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An Introduction To PC-11 And Considering The European Lubricant Landscape

By Jon Wadie
Tuesday, April 12, 2016 - 16:19

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The North American heavy duty vehicle industry is set to face significant changes towards the end of 2016. The introduction of the new PC-11 legislation will result in the largest change in oil specifications the industry has seen in its history. With such significant developments happening across the pond, it is crucial to consider the current lubricant landscape in Europe and how the new legislation in North America may bring innovations closer to home.

There are a number of factors which led to this new legislation coming into place:

  1. Diesel engines have changed considerably since the American Petroleum Institute (API) defined the CJ-4 diesel engine oil category almost a decade ago.
  2. Recognising this, the Engine Manufacturers Association (EMA) made the request of the American Petroleum Institute (API) to develop a new oil category that could meet the demands of modern engines that were in development. The manufacturers wanted oils that could help reduce CO2 emissions and improve fuel economy.
  3. The EMA also required performance upgrades such as oxidation stability, resistance to aeration and increased shear stability.
  4. There was also a collective request from environmental agencies and the Engine Manufacturers Association (EMA) in North America to produce a new standard of engine oils which are more efficient, greener and higher performing.

These pressures on the industry created a need for a new category of lubricant specifications, resulting in Proposed Category 11 (or PC-11 for short). For the first time, there will be two tiers of heavy duty engine oil as part of the new PC-11 category. PC-11A (which will be formally known as API CK-4) will be an upgrade to the current lubricant specification and will be designed with improved oxidation resistance, shear stability and aeration control. PC-11B (which will be known as API FA-4) will meet the new specification with the same improvements as CK-4 using only lower viscosity oil (specifically lower HTHS) in order to maximise fuel economy without sacrificing engine protection.

Who will these changes affect?

While every fleet business will be affected by the introduction of PC-11 specifications, the impact will vary depending on the size and type of the fleet. Many fleets are comprised of a range of models of varying ages, and so there may not be a uniform oil solution for all vehicles, meaning managers will need to understand the best solutions across their operations to witness the true benefit of the new specifications.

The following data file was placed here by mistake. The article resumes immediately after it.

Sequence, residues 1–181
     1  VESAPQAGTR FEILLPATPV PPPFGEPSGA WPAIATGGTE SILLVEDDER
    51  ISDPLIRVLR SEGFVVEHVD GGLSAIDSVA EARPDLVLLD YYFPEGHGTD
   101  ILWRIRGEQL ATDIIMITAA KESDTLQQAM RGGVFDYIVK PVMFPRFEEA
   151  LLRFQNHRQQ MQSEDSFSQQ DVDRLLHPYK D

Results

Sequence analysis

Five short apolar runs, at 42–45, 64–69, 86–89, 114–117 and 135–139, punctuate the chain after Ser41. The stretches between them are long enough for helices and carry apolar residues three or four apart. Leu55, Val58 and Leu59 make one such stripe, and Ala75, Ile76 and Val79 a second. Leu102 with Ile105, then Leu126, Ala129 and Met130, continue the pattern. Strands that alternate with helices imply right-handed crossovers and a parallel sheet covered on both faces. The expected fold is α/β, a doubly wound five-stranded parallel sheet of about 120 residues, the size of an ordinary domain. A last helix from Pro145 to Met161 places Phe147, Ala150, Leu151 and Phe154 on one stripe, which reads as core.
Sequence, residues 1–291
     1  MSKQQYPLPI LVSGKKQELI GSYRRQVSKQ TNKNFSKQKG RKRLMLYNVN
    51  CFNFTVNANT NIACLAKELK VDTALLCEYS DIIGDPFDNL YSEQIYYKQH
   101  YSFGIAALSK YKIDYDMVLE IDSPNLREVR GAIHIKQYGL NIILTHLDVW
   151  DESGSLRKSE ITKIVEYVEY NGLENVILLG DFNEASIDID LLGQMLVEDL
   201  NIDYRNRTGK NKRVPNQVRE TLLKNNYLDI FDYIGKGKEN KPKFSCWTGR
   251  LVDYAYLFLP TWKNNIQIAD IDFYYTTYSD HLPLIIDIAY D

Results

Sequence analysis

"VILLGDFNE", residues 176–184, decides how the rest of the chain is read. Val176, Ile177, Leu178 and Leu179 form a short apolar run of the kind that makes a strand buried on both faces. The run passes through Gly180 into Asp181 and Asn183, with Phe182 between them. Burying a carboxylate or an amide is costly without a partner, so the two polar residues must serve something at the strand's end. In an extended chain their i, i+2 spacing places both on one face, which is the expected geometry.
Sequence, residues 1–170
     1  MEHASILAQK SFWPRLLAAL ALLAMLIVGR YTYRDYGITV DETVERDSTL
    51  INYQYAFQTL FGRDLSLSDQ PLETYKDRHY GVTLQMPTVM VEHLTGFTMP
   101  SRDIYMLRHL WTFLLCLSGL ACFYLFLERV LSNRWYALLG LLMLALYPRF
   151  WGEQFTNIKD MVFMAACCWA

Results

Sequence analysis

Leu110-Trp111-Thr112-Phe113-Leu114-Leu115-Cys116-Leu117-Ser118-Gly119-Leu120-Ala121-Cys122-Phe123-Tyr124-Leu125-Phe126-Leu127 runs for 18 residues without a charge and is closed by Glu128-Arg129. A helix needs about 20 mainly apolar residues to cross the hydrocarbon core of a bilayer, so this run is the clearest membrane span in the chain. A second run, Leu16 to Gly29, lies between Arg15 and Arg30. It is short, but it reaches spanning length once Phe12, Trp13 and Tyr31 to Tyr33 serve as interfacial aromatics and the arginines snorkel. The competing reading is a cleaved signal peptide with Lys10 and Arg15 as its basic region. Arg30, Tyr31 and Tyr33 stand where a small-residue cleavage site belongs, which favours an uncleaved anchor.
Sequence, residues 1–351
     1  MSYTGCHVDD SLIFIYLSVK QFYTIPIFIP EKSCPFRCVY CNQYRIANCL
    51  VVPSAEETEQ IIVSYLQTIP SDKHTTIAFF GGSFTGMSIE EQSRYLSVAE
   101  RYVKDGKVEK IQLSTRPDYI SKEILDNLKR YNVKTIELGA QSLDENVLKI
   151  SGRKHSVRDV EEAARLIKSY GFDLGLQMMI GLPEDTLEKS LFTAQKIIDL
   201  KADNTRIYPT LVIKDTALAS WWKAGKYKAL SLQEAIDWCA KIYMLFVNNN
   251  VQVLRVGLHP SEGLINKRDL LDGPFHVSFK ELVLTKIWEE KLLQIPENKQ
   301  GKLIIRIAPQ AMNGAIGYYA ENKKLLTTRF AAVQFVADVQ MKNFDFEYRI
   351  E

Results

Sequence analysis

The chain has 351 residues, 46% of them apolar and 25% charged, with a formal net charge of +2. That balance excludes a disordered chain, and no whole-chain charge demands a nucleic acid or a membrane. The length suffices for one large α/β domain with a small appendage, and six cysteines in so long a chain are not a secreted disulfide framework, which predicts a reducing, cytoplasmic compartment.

What is the future of the European lubricant landscape?

With the impetus for environmental protection clearly on the EU agenda, fuel economy has become a primary factor in equipment design and operation, with OEMs tied to legislated commitments to maximise and maintain fuel economy over equipment life. Simply put: the better the fuel efficiency, the less CO2   (and other) emissions.

Of course, the inexorable drive for improved fuel economy also has a direct impact on the base oils market. The last few years have seen a huge amount of activity in the base oils market as OEMs and their lubricant partners try to put in context the impacts of changing legislation and associated technical challenges.

The realisation has been that older, Group I based lubricants have a finite life in modern automotive applications and as such a shift towards higher performance Group II and Group III based products is inevitable. As a primary investor in lubricant technology with a long history in manufacturing high performance base oils, Petro-Canada Lubricants is well positioned to face this challenge. Based on our high performance Group II and Group III base oils, our DURON heavy duty diesel engine oil product line is perfectly placed to help the fleet engineer manage this transition.

Although PC-11 oils have been specifically designed for the North American market, it is clear that similar drivers for innovation are already under way in Europe. The early adoption of lubricants that promote fuel economy creates an opportunity for the proactive fleet manager to both reduce their fuel costs and improve the performance of their fleets.  The understanding of the benefits that lubricants can bring in fuel economy is growing, and whilst there is a choice in most cases today as to whether to adopt these products or not, that choice is unlikely to exist in the future.

For more information on the new PC-11 generation of oils, please visit www.herecomespc11.com, where Petro-Canada Lubricants provides a comprehensive guide to the new category.

 

[1] http://www.reuters.com/article/us-climatechange-eu-idUSKCN0W61OE

[2] http://ec.europa.eu/clima/policies/transport/vehicles/heavy/index_en.htm

 

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